The Harry Jerome Sports Centre is, by any account, unique. Named for famed Canadian Olympian Harry Jerome, the facility has a lot to live up to. Jerome was a track star, who at age 18 broke the Canadian record in the 220-yard dash. Despite injury, adversity, and facing racial bias as a black man, Jerome went on to be heralded as one of the world’s top runners in the 1960s and a three-time Olympic athlete. Jerome also obtained degrees in physical education from the University of Oregon and became a teacher in Canada. Even more notably, Jerome became an advocate for rights of Canadian athletes and minorities.
As if bearing the moniker of one of Canada’s greatest athletes isn’t exceptional enough, the facility is one of only three indoor velodromes, arenas for track cycling, in Canada. It’s also the home of Volleyball BC, making it a premier hub for the sport throughout the province of British Columbia. So for a landmark of this grandeur, not just any flooring will do. Opened in 1997, the facility was in dire need of new flooring. The existing floor was a safety hazard to athletes and users of the facility.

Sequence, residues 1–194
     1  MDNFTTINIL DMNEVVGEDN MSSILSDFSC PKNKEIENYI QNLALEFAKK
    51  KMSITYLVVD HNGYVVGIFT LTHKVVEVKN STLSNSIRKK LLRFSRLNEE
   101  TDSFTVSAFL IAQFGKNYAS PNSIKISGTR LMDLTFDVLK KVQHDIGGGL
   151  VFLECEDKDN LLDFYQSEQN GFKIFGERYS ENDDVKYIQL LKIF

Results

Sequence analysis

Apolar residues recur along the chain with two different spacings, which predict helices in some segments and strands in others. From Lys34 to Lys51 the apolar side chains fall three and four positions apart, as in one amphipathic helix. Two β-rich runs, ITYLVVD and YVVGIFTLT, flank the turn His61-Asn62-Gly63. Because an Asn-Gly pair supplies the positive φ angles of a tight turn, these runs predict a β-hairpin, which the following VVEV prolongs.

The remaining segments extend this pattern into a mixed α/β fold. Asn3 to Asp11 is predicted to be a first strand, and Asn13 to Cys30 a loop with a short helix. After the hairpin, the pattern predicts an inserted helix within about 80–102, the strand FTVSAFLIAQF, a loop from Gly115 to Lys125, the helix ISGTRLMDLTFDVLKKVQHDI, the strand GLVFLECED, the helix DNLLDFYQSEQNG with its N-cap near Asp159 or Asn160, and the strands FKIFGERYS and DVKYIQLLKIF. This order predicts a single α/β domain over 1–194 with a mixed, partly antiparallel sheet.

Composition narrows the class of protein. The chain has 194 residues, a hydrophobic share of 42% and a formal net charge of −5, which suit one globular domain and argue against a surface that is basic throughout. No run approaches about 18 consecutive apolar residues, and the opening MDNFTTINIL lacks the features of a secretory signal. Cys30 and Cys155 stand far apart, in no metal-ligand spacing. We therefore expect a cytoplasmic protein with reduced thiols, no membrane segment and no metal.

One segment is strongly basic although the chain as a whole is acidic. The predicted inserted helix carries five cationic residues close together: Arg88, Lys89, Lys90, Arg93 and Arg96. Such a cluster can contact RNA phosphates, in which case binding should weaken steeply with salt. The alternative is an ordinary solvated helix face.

“The floor that was in there was an entry level floor and didn’t have a lot of strong biomechanical characteristics,” Robbins Regional Manager Andrew Nemeth said. “It was a series of tiles that were on top of some kind of material, concrete. It was also quite noisy, too, and didn’t have good acoustical properties.”
While Nemeth said the Sports Centre was a new client acquisition for Robbins, they had been in discussions with facility operators for years about replacing the floor with a better, multipurpose use floor. Finally the facility was awarded a grant and could move forward with the project.
Sal Cuccione, salesperson for Centaur Products, an authorized Robbins dealer, worked with Nemeth and Harry Jerome Sports Centre Manager Derek Stevens to install a nearly 30,000-square-foot Pulastic Classic 110 in the spring of 2017 which would fit six competition volleyball courts, plus the cycling track seamlessly. The new floating synthetic system with continuous subfloor would provide safer, multifunctional capabilities appropriate for a variety of applications.